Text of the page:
“Occasionally on TV, I’ve done something particularly interesting, but not enough. I would love to do L.A. Law, thirtysomething, a movie of the week, an interesting part. All the parts I do on TV are murder suspects or the bad guy with no dimension and I play them as best I can, but it’s not enough,” says Hedison. “You can say, ‘I won’t do any more TV,’ and turn down a lot of episodic work, but eventually, you say, ‘I’ve got to work.’ ”
Nonetheless, he’s proud of his time with Bond.
“I saw Live And Let Die on TV, and I thought, ‘God, what a good film.’ You forget. You see a film once, and then you may see it five years later and it’s better than you originally thought.
“Of course, there are pictures you never want to see again—most of the films I’ve made, like The Fly, The Lost World, Marines Let’s Go,” he says. “There’s a whole slew of shit I avoid like the plague, and when I know they’ll be on TV, I have a dinner party and invite all my friends over so they can’t see it.”
Those films were made back in the late ’50s, when Hedison was a busy 20th Century Fox contract player. “I didn’t want to do Lost World, but I was under contract to the studio, it was something I had to do. If I had to do it today, I would be put on suspension.”
His best TV or film role, in his opinion, lasted one night, and will never be seen again. It was during his sojourn in London, when he did a television adaptation of Summer and Smoke with Lee Remick. To obtain the rights, the BBC had to agree to erase the tape 48 hours after airing it. It was the 1970s, a decade before the VCR age. Even Hedison doesn’t have a copy. The fact that it wasn’t seen in America, and will probably never be seen again (unless a copy is gathering dust in a BBC vault) hurts.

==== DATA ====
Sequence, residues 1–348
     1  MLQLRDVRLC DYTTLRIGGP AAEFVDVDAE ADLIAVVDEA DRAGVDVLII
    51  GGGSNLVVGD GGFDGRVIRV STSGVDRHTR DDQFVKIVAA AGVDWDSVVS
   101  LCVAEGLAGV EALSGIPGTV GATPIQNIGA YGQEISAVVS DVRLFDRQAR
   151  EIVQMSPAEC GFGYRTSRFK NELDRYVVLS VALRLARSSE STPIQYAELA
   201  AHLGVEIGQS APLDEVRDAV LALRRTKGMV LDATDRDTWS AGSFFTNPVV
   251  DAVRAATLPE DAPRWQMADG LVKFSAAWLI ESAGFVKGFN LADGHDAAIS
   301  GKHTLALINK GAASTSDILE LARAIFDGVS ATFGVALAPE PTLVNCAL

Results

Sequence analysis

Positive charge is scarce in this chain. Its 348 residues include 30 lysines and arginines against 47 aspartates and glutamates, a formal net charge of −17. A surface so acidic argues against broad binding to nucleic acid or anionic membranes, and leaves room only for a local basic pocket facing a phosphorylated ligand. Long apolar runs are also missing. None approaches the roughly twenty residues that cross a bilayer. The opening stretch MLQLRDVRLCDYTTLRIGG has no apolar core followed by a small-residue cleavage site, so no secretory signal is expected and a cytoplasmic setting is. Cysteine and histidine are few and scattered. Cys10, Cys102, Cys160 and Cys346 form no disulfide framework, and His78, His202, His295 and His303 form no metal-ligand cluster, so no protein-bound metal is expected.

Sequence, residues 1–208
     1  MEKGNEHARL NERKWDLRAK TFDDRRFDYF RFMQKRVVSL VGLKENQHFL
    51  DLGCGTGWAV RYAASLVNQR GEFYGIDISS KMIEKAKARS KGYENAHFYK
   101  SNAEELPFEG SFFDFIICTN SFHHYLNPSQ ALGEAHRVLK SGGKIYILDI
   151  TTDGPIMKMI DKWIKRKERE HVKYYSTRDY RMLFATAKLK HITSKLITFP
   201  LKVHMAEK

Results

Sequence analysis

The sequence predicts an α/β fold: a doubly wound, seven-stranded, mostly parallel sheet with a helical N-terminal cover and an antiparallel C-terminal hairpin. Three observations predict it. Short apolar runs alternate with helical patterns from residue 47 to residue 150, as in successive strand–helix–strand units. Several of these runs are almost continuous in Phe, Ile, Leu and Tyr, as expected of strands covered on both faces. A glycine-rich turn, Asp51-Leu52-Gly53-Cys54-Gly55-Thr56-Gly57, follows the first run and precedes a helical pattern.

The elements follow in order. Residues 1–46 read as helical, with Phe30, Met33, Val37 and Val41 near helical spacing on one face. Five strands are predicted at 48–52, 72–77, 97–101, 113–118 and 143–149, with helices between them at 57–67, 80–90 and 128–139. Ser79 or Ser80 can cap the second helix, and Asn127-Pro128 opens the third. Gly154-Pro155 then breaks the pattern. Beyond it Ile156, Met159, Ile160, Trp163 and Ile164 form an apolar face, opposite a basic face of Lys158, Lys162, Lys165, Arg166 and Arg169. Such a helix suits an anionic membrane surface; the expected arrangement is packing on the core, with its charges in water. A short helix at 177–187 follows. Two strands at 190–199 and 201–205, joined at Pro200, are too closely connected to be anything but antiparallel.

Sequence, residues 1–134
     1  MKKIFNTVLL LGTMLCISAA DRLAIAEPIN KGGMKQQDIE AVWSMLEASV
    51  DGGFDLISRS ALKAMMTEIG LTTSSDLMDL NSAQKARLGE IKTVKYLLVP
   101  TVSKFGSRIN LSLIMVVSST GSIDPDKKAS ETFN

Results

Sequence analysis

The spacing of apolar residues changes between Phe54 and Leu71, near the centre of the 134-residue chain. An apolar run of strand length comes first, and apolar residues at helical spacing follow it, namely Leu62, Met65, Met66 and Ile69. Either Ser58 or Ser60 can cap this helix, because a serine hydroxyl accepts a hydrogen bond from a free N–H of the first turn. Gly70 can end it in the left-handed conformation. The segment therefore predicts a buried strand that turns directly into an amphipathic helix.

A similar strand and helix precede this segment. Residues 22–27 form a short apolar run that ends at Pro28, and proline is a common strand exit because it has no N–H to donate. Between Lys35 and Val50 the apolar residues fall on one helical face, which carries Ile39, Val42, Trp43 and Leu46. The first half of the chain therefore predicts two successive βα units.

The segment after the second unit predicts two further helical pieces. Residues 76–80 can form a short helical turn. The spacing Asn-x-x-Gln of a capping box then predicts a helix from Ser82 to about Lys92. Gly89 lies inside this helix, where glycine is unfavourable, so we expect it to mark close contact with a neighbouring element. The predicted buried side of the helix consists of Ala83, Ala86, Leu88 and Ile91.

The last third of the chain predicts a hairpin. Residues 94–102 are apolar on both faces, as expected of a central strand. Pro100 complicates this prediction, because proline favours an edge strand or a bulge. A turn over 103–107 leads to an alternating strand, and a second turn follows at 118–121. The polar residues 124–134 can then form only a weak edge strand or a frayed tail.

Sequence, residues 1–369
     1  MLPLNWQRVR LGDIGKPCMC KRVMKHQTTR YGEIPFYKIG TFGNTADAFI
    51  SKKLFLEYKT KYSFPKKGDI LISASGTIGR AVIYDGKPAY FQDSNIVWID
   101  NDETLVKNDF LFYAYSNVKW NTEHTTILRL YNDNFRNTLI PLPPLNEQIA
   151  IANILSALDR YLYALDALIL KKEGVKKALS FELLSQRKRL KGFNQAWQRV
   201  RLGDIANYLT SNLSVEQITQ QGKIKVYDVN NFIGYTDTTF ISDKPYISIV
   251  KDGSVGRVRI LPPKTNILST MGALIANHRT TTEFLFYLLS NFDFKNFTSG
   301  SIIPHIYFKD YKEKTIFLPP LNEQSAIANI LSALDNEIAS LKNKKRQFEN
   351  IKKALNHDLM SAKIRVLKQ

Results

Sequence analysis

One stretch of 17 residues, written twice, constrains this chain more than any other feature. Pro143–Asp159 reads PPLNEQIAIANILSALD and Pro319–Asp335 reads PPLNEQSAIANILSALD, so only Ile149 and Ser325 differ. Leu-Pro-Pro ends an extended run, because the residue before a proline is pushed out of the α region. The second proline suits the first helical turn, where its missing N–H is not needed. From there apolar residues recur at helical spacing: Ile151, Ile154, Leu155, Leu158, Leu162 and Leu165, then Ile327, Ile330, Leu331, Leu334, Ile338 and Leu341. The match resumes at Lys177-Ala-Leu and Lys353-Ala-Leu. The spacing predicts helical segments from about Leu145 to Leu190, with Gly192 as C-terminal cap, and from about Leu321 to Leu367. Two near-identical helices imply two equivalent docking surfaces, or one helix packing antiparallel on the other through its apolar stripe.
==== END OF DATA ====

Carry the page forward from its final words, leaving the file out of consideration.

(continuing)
“It does pain me. The London Times gave it such a glowing review. Very painful. It’s like having a wonderful scene in a movie and finding it cut.”
But, when all is said and done, David Hedison is happy in his craft. “As long as they pay me, I’m not complaining,” and he hopes maybe, just maybe, Licence To Kill could change his career.
“I hope it makes a lot of money,” he says. “It would be nice to play Felix with one leg.”
LEE GOLDBERG, veteran STARLOG correspondent, has scripted episodes of Murphy’s Law, Spenser: For Hire and Beauty & the Beast. He previewed Ray Bradbury Theater in STARLOG #128.
[Source: Starlog August 1989 P.54-56, 58. Copyright © 1989 O'Quinn Studios, Inc. All rights reserved. Starlog is a registered trademark of O'Quinn Studios, Inc.]